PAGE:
Date CapturedMonday October 05 2009, 6:21 PM
[The Times notes that Representative Rick Boucher, Democrat from Virginia, is planning to introduce privacy legislation that will address on-line tracking, while David Vladeck, head of consumer protection for the The Federal Trade Commission (FTC), is indicating that he is keeping a close watch on consumer privacy protection as well.]
In the garden of Google and evil
Date CapturedMonday May 11 2009, 5:55 PM
Computer World - Robert L. Mitchell -- [As the focus by regulators and privacy advocates intensifies, Google should take a leadership role in developing pro-consumer privacy laws and best practices. If it doesn't, Google could eventually lose the good will it has with its users, and regulators could make it the poster boy for privacy on the Web. Google need look no further than Microsoft to see how quickly public opinion can change for a defacto monopoly. ]
Location-based service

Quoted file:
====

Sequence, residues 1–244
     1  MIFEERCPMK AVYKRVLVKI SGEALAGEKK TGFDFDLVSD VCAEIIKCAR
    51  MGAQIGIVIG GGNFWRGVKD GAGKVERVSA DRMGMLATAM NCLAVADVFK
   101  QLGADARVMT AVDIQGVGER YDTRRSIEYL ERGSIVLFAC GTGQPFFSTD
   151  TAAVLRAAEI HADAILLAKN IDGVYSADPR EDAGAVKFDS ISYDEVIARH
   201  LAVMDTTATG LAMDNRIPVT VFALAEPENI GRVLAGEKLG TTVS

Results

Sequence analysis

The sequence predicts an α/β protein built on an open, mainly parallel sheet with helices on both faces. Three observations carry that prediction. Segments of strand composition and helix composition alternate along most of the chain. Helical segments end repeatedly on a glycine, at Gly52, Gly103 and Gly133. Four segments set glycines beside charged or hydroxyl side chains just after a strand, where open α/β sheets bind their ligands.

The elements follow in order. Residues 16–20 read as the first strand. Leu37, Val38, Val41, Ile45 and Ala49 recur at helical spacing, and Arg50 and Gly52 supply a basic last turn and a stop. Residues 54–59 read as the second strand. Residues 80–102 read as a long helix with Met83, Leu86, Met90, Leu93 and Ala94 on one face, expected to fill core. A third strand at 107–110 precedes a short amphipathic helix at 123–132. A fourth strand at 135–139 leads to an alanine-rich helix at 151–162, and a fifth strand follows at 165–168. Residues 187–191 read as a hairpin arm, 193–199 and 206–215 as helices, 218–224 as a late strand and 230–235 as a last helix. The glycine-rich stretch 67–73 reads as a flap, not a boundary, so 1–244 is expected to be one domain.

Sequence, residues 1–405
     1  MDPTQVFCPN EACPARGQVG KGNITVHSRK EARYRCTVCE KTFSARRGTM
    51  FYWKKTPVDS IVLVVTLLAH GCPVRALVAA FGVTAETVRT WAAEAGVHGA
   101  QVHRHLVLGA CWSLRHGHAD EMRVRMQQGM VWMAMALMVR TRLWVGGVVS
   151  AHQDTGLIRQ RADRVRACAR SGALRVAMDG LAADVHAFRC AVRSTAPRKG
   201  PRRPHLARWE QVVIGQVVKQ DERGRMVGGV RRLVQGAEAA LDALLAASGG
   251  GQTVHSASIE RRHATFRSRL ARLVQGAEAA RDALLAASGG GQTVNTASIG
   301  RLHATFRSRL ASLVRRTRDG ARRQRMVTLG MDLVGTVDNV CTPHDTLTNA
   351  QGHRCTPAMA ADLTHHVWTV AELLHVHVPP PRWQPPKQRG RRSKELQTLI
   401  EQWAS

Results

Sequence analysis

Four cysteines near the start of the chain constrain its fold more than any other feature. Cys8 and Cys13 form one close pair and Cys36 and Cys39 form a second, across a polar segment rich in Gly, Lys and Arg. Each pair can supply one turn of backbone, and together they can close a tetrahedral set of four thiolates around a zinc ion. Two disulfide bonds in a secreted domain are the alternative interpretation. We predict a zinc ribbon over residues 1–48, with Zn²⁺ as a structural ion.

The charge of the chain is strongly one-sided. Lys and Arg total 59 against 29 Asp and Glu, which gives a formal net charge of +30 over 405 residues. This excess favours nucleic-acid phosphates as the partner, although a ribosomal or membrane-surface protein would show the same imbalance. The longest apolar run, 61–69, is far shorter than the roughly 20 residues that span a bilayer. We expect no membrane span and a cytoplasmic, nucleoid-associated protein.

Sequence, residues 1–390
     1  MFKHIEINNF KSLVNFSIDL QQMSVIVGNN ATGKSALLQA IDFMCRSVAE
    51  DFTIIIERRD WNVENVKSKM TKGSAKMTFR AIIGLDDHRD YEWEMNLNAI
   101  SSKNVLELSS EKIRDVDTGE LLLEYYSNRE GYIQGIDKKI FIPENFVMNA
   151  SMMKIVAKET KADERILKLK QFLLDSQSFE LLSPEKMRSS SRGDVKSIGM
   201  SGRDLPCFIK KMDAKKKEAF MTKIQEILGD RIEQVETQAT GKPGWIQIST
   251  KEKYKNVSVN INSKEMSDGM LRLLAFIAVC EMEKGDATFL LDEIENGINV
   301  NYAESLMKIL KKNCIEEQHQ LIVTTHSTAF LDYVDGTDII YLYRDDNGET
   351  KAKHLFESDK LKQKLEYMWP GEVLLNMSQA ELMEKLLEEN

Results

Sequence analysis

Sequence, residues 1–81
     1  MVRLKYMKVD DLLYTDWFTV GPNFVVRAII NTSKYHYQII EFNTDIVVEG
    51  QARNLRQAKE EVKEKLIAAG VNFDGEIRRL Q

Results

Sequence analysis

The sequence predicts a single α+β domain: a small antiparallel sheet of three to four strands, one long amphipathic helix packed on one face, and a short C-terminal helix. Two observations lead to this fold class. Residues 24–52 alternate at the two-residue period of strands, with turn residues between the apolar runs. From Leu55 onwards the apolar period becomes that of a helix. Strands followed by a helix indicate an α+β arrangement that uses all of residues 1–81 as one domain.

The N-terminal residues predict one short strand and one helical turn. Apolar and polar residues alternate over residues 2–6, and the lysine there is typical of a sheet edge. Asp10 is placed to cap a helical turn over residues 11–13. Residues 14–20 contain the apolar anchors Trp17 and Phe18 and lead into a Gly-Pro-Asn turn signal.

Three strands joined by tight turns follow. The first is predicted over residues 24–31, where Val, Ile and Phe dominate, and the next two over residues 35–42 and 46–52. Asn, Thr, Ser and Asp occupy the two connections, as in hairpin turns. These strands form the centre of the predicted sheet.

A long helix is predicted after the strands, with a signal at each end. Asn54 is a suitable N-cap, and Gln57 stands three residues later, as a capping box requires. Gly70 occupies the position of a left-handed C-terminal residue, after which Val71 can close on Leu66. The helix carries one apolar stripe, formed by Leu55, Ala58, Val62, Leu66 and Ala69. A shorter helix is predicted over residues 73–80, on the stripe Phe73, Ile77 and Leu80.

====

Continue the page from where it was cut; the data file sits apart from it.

Date CapturedThursday April 30 2009, 10:12 PM
Wiki - [A location-based service (LBS) is an information and entertainment service, accessible with mobile devices through the mobile network and utilizing the ability to make use of the geographical position of the mobile device]
Google Becomes Default Location Provider For Firefox
Date CapturedThursday April 30 2009, 6:47 PM
TechCrunch.com -- Jason Kincaid -- [Google says that the data isn't currently being used for advertising purposes (at least for now), and that this is really about getting location-based functionality deployed to the web. But even without the advertising dollars, there is one very major upside: Google is going to be able to perfect its location database, with millions of users tapping into it on a daily basis. And that database is going to be extremely valuable going forward. ]
IE8's Cumbersome Privacy Controls May Discourage Use
Date CapturedMonday March 23 2009, 4:06 PM
Patricia Resende writes [Microsoft's new IE8 features follow a warning to Internet browser makers from the Federal Trade Commission to self-regulate privacy issues or face regulation. Microsoft came under fire for its Passport feature as the Electronic Privacy Information Center and 14 other groups asked the FTC in 2001 to force a revision of the security Relevant Products/Services standard on Passport. The groups alleged Microsoft violated the law by linking Windows XP with requests to sign up for Passport and misleading users to believe that Passport protected privacy when it instead tracked, profiled and monitored users.]